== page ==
A top aide to Pennsylvania Gov. Tom Corbett said Friday that she is optimistic that negotiations will be productive on the Republican governor's plan to use billions of federal Medicaid
expansion dollars to subsidize private health insurance
policies for hundreds of thousands of Pennsylvanians.
The sentiment by Corbett's secretary of planning and policy, Jennifer Branstetter, was a turnaround from last week when Corbett had said he was getting to his "breaking point" over the Obama administration's apparent resistance to his plan.
Branstetter said she had received a call this week from an official from the CMS
"I was encouraged by the call from CMS that these will be productive negotiations," Branstetter said.
She did not want to say who called or reveal what was said, since closed-door negotiations are expected to begin in the next week or two, now that the federal government's public comment period on Corbett's plan ended overnight Friday.
Community Legal Services, a Philadelphia public interest law center that advocates for the poor, did an analysis of the online comments received by CMS and said that 80% through midday Wednesday opposed Corbett's plan. Community Legal Services has been critical of Corbett's plan, too.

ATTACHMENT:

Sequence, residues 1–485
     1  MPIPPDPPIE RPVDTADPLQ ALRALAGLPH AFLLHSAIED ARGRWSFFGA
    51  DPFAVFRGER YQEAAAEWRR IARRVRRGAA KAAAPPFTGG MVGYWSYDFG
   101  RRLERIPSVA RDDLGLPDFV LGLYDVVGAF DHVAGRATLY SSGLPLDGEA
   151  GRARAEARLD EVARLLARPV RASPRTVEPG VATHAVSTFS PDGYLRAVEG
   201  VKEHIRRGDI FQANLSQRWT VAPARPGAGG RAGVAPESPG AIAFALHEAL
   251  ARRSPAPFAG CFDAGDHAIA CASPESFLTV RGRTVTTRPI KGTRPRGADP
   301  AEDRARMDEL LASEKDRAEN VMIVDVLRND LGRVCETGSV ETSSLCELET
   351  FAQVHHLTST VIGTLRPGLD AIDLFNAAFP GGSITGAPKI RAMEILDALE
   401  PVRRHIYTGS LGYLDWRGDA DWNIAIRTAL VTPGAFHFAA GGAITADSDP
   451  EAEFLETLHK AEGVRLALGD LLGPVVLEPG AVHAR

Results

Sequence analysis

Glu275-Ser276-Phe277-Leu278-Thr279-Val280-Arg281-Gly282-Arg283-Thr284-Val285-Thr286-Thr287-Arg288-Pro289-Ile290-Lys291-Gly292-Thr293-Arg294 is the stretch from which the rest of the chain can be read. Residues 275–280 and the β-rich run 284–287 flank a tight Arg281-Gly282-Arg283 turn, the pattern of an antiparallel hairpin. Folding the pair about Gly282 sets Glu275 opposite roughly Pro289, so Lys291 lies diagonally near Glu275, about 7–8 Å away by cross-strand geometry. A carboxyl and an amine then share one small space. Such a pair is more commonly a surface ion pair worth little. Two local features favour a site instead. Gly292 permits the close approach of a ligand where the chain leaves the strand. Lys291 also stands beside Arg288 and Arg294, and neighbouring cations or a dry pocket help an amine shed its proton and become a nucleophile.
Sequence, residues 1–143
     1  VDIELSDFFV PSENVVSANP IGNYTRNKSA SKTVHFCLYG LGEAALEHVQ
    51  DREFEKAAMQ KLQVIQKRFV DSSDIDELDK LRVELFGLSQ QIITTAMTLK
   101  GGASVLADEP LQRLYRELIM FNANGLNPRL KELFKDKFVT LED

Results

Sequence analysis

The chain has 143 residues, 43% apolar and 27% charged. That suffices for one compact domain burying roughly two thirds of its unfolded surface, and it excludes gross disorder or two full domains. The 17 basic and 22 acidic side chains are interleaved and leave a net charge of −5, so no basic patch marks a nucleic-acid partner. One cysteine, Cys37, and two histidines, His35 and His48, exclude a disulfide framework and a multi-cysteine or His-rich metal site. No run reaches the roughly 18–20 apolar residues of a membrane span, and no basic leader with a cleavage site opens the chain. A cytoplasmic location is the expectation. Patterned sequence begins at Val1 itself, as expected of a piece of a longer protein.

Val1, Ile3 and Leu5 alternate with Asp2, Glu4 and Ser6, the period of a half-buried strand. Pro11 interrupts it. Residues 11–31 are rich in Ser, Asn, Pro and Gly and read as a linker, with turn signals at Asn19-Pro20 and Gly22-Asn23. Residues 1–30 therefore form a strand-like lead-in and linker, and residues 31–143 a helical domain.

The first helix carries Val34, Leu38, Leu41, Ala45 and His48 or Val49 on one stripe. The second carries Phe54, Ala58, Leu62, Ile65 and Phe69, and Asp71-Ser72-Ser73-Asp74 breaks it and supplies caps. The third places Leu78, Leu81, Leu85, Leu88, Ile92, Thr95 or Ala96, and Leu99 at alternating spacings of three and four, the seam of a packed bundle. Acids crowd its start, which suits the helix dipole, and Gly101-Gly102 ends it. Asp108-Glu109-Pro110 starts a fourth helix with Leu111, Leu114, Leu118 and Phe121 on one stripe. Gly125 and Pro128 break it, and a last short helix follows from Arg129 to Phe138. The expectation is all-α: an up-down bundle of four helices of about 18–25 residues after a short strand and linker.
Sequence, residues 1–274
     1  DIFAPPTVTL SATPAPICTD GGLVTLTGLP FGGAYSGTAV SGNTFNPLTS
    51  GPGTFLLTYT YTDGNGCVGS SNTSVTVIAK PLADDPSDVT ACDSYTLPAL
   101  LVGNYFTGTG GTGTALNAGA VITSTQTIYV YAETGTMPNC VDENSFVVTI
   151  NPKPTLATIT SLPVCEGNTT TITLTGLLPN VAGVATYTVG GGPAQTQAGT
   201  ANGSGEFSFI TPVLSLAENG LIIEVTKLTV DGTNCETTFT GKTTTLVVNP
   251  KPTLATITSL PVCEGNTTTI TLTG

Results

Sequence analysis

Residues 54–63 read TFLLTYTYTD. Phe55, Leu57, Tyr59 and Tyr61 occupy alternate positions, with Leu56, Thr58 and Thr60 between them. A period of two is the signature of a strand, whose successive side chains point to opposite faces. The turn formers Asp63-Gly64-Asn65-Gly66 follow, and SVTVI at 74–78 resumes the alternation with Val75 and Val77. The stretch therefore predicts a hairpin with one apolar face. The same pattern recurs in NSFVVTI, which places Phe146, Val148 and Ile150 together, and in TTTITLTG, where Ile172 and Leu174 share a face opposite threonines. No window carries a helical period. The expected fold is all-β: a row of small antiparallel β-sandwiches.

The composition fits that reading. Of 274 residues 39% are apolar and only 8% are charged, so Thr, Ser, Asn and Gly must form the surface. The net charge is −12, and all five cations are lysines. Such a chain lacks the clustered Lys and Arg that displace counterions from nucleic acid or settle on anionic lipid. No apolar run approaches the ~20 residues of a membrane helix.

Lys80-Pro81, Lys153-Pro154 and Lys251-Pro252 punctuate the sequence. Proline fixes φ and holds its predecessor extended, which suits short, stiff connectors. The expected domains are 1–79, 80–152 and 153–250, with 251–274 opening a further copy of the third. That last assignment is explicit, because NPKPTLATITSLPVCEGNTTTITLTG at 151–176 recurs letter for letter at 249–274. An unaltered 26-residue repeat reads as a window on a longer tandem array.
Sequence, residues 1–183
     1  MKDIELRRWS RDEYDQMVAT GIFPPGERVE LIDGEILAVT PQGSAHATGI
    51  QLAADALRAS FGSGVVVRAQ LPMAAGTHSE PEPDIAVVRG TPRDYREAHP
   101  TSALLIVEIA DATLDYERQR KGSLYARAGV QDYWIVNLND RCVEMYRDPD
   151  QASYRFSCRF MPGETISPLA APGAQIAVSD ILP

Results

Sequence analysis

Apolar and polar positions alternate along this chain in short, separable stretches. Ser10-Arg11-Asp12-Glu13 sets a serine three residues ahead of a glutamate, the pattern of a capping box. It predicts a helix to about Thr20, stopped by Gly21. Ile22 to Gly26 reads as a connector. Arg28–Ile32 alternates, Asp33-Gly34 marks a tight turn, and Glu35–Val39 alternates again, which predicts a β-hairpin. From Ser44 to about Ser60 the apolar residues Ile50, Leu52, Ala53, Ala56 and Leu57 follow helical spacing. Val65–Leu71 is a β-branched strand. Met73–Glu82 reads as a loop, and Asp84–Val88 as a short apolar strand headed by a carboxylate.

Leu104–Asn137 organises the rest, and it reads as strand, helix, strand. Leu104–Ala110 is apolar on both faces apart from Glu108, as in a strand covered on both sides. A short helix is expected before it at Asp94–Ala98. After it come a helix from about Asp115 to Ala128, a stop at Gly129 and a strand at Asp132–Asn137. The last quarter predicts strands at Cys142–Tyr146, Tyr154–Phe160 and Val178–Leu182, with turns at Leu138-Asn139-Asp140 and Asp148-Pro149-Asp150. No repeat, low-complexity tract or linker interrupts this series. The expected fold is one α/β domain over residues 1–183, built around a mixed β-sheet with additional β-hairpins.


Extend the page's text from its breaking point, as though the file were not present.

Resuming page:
Corbett expressed his frustration last week after his staff said they had received discouraging signals about elements of the plan. Administration officials would not reveal exactly what was said, but they said they believed federal officials were backtracking on the encouragement they had given in private conversations over the past year to the changes Corbett sought.
A CMS spokeswoman did not respond to a request for comment Friday.
Corbett submitted the plan to the federal government in February, requesting broader changes to the Medicaid expansion than any other state has sought under the 2010 federal healthcare law.
Among the changes sought by Corbett include using the money to expand the commercial health insurance market instead of Medicaid coverage and waiving Medicaid's more permissive rules on when coverage kicks in. Accompanying Corbett's proposal is a request to pare the existing Medicaid program for healthy working-age adults, including limiting hospital admissions, medical supplies and radiology procedures such as MRIs, CT scans and X-rays.
The federal Medicaid expansion dollars became available to states Jan. 1. The Corbett administration has said that it would not be ready to administer a Medicaid-funded expansion of health insurance until 2015, and the Kaiser Family Foundation
estimates that 281,000 low-income Pennsylvanians will be left without a healthcare option under the law until then.